It’s said that a non-trivial portion of the Internet bandwidth consumed by businesses is taken up by illegal employee downloading of music and video files. This ComputerWorld column suggests that businesses can reduce their risks of being targeted by the record industry, video industry, etc. — and reduce costs too — by deploying bandwidth-management software:
“We started by doing bandwidth prioritization between the dorms and the main campus,” Dodds says.
During business hours, campus connections have priority over dorm use, and Dodds can filter out certain IP addresses, block some peer-to-peer traffic and even segregate dorms by subnet. Using the graphic capabilities of the package, Dodds is able to see which protocols are using the most bandwidth and then allocate bandwidth as needed.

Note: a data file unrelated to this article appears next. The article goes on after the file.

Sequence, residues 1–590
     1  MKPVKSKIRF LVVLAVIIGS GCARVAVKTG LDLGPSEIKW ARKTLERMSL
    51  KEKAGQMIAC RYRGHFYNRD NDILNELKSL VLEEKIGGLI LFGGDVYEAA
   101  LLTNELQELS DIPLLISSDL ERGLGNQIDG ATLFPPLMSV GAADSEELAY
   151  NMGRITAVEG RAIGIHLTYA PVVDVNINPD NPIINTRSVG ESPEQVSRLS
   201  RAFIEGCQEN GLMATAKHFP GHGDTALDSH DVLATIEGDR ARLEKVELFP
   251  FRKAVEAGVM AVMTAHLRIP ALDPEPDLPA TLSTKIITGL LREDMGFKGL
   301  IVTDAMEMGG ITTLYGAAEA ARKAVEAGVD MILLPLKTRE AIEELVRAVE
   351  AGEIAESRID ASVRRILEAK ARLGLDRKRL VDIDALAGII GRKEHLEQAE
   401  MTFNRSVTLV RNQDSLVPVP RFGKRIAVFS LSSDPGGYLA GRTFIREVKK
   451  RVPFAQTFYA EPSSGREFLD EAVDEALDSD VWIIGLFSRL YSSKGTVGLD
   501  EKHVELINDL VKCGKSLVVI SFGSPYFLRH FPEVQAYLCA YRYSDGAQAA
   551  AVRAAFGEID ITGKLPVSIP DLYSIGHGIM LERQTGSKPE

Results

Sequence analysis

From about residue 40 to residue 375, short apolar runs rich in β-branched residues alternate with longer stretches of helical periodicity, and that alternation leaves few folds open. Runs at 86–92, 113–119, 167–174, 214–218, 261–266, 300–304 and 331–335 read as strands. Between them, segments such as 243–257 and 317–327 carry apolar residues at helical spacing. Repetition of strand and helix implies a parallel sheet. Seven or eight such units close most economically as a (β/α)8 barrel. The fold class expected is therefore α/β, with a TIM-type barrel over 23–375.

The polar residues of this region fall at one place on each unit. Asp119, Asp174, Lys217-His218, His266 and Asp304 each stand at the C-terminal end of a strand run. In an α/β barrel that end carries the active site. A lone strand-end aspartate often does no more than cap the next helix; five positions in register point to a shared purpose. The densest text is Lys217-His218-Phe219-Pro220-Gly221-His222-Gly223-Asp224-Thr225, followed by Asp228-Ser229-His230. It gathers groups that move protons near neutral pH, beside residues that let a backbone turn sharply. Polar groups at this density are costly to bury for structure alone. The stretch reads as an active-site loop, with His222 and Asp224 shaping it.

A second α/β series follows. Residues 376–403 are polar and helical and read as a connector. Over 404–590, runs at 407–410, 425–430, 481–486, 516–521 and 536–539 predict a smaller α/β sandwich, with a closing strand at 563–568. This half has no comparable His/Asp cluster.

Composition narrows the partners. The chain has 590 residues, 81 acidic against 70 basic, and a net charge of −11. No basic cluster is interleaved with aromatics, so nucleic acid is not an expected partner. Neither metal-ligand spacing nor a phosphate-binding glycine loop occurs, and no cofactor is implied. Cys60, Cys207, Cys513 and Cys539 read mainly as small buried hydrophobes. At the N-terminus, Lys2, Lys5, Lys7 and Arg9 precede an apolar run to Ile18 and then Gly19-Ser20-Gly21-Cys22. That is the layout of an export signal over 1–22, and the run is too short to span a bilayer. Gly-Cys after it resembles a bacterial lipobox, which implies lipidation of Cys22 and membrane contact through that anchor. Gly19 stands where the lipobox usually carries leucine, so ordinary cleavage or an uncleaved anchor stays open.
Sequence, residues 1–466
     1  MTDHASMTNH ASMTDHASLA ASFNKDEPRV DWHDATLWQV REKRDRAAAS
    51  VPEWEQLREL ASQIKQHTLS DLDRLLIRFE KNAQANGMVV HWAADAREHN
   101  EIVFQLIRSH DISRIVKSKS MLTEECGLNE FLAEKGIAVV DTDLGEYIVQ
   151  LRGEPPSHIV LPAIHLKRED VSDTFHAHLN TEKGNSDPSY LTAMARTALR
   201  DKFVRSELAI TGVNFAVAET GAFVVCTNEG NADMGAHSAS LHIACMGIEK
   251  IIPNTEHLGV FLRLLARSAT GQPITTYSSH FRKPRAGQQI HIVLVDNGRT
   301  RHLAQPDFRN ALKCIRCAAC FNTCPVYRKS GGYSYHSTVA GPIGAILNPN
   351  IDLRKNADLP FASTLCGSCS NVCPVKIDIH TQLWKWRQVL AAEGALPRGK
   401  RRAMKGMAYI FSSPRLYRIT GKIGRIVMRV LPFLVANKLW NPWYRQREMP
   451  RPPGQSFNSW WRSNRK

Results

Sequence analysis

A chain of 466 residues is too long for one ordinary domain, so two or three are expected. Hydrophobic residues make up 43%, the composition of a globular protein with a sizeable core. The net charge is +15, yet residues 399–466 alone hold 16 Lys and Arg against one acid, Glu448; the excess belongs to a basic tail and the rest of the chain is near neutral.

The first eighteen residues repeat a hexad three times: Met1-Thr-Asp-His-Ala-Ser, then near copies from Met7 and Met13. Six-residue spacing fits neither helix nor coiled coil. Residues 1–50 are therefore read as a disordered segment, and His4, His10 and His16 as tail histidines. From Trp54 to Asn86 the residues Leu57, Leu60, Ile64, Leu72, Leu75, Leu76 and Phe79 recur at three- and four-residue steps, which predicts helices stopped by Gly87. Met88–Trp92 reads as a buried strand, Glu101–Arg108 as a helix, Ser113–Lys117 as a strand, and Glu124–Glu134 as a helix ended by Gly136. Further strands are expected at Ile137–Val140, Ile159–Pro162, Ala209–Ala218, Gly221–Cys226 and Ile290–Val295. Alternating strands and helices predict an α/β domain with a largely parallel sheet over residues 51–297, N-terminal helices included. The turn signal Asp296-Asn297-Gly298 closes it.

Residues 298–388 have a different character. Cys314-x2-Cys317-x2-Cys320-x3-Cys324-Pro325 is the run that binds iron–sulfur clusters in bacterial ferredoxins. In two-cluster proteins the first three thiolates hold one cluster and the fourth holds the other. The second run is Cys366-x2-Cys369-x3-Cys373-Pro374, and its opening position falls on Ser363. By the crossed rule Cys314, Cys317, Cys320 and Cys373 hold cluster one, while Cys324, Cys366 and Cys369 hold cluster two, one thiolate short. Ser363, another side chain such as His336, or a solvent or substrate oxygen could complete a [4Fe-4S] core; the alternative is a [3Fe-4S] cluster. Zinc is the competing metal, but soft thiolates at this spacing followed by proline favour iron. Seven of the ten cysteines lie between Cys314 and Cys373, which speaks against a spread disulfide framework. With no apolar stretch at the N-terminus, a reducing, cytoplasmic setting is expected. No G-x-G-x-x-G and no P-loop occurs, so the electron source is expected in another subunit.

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Prior to implementing the bandwidth management setup, Fairmont was considering purchasing additional bandwidth. That’s now been shelved.
And as for pulling the plug on illegal music and video downloads, well, let’s just say Britney can shop to her heart’s content.
It’s an interesting idea, but bandwidth-management software strikes me as a short-lived phenomenon. Bandwidth will get cheaper; music and videos will become available on-line at reasonable prices (it’s already happening with music); and employees will gradually get the message that they can be fired for doing illegal downloading.